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A simple translation of the French term se débrouiller (verb; noun form, débrouillardise) might be "to fend for oneself," or "to cope," but that literal translation would need to be elaborated with the connotations of hustle, know-how, and the ability to get by or to get what you want. It may consist of knowing how to get a ride on one of the rare commercial trucks that still ply the deteriorating roads of the interior and that furnish what is often the only passenger service available. It may involve knowing which official to bribe in order to get one's salary released or knowing which kinship connection to tap in order to get a sought-after secondary school slot opened for one's child or cousin after enrollment is formally closed. Or débrouillardise may be demonstrated by the ability to locate on the black market drugs needed by a hospitalized family member or by paying a hospital or dispensary nurse to "acquire" the needed medications from institutional stocks. The term may also be adapted to refer to the entire unofficial economy.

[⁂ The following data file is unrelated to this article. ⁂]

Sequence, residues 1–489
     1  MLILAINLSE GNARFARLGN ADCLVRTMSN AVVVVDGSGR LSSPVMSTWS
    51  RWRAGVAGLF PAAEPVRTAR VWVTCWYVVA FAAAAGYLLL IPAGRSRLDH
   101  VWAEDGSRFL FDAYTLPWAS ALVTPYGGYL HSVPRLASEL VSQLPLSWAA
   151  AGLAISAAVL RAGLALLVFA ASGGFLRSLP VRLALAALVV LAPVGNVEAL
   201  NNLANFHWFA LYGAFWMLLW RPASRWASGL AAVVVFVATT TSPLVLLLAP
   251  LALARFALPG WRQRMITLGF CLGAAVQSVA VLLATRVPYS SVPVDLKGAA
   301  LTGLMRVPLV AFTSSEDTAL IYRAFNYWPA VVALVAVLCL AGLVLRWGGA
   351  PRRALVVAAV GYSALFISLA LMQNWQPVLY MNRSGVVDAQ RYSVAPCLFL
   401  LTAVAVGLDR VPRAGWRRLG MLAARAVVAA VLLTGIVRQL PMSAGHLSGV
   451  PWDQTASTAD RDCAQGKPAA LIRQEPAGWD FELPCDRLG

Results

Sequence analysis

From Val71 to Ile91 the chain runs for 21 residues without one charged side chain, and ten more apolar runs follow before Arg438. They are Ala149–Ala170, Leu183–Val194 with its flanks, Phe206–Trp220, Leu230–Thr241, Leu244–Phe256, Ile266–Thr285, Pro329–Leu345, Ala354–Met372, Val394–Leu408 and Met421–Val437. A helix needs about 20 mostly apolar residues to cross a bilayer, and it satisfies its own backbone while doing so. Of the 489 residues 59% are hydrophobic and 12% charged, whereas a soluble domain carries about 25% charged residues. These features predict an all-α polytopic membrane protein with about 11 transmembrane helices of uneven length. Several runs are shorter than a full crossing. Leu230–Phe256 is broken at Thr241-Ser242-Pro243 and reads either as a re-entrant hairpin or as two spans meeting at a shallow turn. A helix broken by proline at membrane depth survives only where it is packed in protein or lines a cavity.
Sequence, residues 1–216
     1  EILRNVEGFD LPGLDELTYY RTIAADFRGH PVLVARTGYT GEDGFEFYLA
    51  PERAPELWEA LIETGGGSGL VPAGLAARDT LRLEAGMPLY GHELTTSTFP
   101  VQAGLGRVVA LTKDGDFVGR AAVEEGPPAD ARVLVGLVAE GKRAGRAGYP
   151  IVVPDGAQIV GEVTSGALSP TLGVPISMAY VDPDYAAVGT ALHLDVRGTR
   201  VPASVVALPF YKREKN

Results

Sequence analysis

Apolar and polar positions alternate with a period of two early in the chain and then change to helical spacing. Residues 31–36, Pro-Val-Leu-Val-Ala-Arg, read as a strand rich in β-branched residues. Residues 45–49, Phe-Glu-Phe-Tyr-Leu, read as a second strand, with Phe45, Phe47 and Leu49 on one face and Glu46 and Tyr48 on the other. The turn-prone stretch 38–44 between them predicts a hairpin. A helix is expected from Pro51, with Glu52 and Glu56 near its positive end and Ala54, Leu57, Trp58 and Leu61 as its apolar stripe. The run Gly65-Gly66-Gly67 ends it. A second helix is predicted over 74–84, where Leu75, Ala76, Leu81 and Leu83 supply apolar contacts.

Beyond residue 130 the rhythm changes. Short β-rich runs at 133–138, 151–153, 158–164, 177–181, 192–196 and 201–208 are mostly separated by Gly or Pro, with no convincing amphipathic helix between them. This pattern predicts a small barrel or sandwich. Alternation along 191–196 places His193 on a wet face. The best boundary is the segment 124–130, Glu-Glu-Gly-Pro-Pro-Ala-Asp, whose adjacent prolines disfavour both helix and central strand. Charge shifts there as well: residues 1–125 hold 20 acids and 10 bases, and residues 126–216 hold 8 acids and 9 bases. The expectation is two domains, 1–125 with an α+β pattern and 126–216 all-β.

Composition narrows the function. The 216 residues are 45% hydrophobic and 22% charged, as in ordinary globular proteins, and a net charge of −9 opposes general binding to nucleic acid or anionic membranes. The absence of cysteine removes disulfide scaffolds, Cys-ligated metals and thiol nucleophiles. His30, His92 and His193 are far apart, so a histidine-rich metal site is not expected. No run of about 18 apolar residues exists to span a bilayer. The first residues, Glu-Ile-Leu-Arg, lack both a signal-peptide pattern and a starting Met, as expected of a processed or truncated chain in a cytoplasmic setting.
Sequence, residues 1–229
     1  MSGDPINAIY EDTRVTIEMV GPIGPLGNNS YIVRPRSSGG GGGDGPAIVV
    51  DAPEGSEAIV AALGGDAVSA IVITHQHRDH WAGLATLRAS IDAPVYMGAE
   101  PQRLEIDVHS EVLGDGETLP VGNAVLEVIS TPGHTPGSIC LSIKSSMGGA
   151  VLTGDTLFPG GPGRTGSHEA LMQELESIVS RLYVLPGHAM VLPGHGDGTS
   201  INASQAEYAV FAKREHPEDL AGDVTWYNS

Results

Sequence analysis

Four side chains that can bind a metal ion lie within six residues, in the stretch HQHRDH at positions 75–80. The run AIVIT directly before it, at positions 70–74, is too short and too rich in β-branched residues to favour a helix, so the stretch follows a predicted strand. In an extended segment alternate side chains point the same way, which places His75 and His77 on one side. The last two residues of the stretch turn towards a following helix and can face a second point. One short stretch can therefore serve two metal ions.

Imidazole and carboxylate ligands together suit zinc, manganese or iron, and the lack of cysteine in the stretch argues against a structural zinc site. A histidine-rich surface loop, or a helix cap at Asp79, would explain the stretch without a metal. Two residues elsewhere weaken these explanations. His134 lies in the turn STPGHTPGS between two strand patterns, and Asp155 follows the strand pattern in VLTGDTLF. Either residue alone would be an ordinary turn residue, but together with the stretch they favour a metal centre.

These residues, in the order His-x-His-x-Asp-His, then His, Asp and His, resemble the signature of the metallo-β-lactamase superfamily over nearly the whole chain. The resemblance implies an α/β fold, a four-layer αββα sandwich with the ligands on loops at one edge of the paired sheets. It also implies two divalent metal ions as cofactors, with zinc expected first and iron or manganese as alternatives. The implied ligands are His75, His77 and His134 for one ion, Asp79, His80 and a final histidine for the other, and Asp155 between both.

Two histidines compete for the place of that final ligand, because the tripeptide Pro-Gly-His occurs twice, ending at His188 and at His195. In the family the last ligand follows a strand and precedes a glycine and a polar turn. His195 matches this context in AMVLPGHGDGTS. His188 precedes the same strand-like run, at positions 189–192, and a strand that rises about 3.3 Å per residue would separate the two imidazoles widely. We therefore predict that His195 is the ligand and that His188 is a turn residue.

The popular admonition that "you need to know how to cope/hustle" (il faut savoir comment se débrouiller) implicitly contradicts official party and state slogans such as "servir, oui, se servir, non" (serve yes, serve oneself, no). The popular phrase embodies an ideology of aggressive individualism that contradicts the state-promoted ideology of selfless public service.
Data as of December 1993